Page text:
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Ex-cop, girlfriend plead to child abuse charges in Winston-Salem
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Ex-cop, girlfriend plead to child abuse charges in Winston-Salem

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A former Winston-Salem police officer and his girlfriend were convicted Monday on child abuse charges involving the officer’s son. A Forsyth County prosecutor said the officer put his son in harm’s way when he left him in the care of his girlfriend, even after he was ordered by the court not to do so. And in one of two incidents, the prosecutor said, the child ended up with a broken leg.

The child has consistently said that the girlfriend hurt him, the prosecutor said in a hearing on Monday. And the child’s biological mother told a judge that the boy, now 4, still has nightmares and has been diagnosed with post-traumatic stress disorder.

David Benjamin Ingram, 37, a former corporal with the Winston-Salem Police Department, pleaded guilty to one count of misdemeanor child abuse and two counts of contributing to the delinquency of a juvenile. A felony charge of negligent child abuse was dismissed as part of the plea arrangement.

His girlfriend, Jaimie Leonard Binkley, 33, entered an Alford plea to negligent child abuse, inflicting serious physical injury. That means she didn’t admit guilt but acknowledged that prosecutors had enough evidence to convict her if the case had gone to trial. She had initially been charged with intentional child abuse. Binkley also entered Alford pleas to one count of misdemeanor child abuse and one count of misdemeanor contributing to the delinquency of a juvenile.

Judge Eric Morgan of Forsyth Superior Court gave Ingram a suspended sentence of 105 days in jail and placed him on supervised probation for 18 months. Binkley was given a suspended sentence of up to two years in prison. Morgan also gave her an active jail sentence of four months and ordered her to serve three years of supervised probation.

A condition of her probation is that she is not to have any contact with the victim in the case — Ingram’s son.

The charges all stem from two incidents — one on Oct. 1, 2018 and another on June 18, 2019. 

Assistant District Attorney Pansy Glanton said Ingram and his son’s mother, Sabrina Buckner, have a custody agreement. On Oct. 1, 2018, Buckner picked up her son, who was 2 at the time, from Ingram at the Winston-Salem Police Department and noticed bruising on her son’s body. She asked Ingram about it, and he gave several explanations, including that her son had run into a door.

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She left and took her son to a McDonald’s restaurant to calm him down and called a couple of friends. She started making arrangements to have her son see a pediatrician but changed her mind and took her son to the emergency room at Wake Forest Baptist Medical Center. Doctors found bruises on several parts of his body, including his buttocks, Glanton said. The doctors consulted with a specialist in child abuse, Dr. Anna Leslie Miller-Fitzwater, who said that the injuries could not have been caused by an accident.

During the investigation, police examined text messages between Binkley and Ingram, Glanton said. They revealed that Binkley was frustrated at having to care for the boy and that she had given him Benadryl to relieve a headache after he hit his head. Binkley also left the house to have a smoothie with her sister. She left her 10-year-old son from a previous relationship to care for Ingram’s son. According to a memorandum from an assistant city manager, Binkley left Ingram’s son with her 10-year-old son for three hours.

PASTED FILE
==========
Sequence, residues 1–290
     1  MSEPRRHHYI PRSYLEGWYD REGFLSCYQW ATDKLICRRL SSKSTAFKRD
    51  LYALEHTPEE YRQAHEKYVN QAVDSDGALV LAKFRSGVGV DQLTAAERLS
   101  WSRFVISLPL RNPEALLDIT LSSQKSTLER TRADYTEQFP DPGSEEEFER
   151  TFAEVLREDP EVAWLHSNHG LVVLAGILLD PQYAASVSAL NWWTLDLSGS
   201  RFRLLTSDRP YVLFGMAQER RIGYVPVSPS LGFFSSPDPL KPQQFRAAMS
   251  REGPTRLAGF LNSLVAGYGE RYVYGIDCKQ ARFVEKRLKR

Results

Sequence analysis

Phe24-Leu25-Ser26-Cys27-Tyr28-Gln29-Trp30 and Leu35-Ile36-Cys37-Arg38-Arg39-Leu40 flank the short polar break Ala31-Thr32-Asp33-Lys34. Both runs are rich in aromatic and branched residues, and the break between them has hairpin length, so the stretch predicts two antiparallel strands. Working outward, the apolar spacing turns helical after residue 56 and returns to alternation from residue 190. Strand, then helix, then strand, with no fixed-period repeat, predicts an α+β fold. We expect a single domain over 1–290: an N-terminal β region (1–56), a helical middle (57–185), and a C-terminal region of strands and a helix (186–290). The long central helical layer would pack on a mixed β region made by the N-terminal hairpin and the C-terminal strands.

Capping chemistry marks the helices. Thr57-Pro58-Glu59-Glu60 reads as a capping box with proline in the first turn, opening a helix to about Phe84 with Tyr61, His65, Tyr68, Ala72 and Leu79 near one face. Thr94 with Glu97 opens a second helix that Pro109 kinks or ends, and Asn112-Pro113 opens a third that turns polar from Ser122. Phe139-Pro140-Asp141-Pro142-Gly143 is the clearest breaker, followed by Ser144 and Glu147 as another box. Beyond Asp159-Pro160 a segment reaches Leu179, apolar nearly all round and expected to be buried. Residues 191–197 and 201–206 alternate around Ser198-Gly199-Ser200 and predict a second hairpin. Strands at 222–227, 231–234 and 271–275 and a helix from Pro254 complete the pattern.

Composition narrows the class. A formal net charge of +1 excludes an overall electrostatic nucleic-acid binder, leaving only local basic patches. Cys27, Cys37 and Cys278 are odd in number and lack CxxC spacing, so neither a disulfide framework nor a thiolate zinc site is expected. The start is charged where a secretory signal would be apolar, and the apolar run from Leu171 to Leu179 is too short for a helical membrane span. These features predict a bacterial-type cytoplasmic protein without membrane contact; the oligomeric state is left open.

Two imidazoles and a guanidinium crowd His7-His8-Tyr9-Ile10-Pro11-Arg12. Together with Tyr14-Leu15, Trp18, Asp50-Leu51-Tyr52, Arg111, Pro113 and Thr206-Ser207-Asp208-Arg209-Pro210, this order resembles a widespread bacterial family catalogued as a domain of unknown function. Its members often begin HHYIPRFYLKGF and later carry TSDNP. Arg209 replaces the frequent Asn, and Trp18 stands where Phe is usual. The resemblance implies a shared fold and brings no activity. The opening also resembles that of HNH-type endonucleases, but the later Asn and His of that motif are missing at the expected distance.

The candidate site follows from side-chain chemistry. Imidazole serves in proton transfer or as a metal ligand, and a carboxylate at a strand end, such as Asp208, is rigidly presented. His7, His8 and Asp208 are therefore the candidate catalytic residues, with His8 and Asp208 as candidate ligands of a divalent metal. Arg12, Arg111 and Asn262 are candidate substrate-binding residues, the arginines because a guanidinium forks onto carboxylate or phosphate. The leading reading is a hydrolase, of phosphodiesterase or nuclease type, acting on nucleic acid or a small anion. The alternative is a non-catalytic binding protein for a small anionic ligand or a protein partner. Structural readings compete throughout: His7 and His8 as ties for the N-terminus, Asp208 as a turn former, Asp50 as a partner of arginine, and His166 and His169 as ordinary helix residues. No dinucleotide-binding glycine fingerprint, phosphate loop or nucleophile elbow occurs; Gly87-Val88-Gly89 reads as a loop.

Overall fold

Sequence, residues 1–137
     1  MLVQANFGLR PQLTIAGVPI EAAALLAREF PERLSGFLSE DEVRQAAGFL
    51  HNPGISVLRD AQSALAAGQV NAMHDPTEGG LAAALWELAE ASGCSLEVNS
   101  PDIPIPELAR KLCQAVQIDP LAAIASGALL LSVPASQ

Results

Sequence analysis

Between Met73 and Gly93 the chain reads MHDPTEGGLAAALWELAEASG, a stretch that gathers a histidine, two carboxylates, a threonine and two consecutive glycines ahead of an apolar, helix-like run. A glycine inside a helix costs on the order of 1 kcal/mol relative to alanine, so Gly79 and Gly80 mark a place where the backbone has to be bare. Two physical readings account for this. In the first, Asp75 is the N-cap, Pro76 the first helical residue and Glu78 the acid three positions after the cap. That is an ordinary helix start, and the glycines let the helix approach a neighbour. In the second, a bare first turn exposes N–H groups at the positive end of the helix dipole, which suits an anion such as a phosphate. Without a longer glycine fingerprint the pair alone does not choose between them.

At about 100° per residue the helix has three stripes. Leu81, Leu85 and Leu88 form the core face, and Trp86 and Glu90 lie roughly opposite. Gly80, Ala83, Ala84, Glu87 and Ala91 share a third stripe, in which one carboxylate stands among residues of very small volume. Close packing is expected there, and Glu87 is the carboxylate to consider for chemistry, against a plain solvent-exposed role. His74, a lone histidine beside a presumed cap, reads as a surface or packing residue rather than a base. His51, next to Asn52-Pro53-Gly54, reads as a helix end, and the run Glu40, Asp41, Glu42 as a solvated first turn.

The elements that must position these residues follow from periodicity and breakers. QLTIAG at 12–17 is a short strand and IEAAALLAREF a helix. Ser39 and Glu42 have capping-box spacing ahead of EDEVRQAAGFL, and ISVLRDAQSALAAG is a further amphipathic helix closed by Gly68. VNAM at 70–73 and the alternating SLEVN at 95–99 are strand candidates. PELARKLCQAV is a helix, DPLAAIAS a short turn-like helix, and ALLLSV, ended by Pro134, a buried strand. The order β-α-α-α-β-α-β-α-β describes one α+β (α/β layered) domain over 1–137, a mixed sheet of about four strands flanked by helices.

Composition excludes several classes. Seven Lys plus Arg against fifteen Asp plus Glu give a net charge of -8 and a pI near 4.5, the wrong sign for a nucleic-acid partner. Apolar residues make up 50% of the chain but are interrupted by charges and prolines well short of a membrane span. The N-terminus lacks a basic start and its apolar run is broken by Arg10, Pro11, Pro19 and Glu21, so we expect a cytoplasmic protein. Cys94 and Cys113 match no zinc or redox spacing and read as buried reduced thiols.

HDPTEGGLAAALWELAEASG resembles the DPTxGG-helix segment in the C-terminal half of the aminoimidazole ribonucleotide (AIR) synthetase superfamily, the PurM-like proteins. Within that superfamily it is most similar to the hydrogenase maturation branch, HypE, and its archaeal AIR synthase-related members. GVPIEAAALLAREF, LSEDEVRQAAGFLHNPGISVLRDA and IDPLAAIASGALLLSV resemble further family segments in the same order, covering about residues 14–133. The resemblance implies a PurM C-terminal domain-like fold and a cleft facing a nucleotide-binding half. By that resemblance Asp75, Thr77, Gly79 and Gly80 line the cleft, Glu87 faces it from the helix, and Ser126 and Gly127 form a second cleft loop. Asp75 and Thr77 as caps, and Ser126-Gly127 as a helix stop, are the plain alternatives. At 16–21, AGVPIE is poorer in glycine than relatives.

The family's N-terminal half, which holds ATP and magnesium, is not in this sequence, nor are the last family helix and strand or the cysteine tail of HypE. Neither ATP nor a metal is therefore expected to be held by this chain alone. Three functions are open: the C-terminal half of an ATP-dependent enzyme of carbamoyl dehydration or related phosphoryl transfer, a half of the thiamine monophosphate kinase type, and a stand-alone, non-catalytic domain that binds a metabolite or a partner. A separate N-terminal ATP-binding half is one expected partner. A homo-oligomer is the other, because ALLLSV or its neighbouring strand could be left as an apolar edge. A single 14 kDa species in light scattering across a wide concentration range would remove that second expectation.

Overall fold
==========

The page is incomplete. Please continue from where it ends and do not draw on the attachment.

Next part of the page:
Beth Toomes, Ingram’s attorney, said Ingram could not take off from work when Binkley informed him that his child had been injured. It also wasn’t clear if the injury was serious, she said. But Glanton said Binkley should not have left Ingram’s son without adult supervision after a head injury and that Ingram had a responsibility as a parent to immediately go home to see about his son.

Ben Porter, Binkley’s attorney, said that when she made the decision to leave Ingram’s son in the care of her 10-year-old, she didn’t think she was doing a bad thing She now acknowledges she made a poor decision, her attorney said.

The prosecutor said a more serious incident happened on June 18, 2019, around a month after Binkley had the first of the two children the couple would have together. Binkley and Ingram also have a seven-month-old daughter.

At about 8 that night, Ingram, who worked security at the apartment where the couple lived, went on his rounds. At some point, Binkley put Ingram’s son to bed. The next day, the boy had difficulty walking. Ingram took his son to the hospital, and the boy, then 3, told his father that Binkley had hurt him.

Buckner said her son told her that Binkley grabbed his leg and twisted it.

Glanton said investigators still don’t know exactly how the son’s leg was broken but that the boy has consistently said Binkley hurt him.

According to a memorandum from Evan Raleigh, then an assistant city manager, Ingram had been warned not to allow Binkley to care for his son. Ingram told city officials that his child had broken his right leg when his leg got caught in a bed frame. But Glanton said medical officials found that the son’s leg injury could not have been caused by the bed frame.

Buckner said her son is traumatized by what happened. For a month, she said, he had nightmares.

“I pray that they find God because I don’t see how you can be a Christian and do those kinds of things,” she said.

336-727-7326

@mhewlettWSJ

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